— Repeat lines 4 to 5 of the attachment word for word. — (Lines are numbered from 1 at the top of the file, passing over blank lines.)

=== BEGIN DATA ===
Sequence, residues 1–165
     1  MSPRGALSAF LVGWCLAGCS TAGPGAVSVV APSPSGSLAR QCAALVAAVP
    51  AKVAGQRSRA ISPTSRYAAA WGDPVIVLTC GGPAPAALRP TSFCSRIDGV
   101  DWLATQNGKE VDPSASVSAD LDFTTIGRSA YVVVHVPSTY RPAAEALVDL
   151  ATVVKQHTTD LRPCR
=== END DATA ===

   101  DWLATQNGKE VDPSASVSAD LDFTTIGRSA YVVVHVPSTY RPAAEALVDL
   151  ATVVKQHTTD LRPCR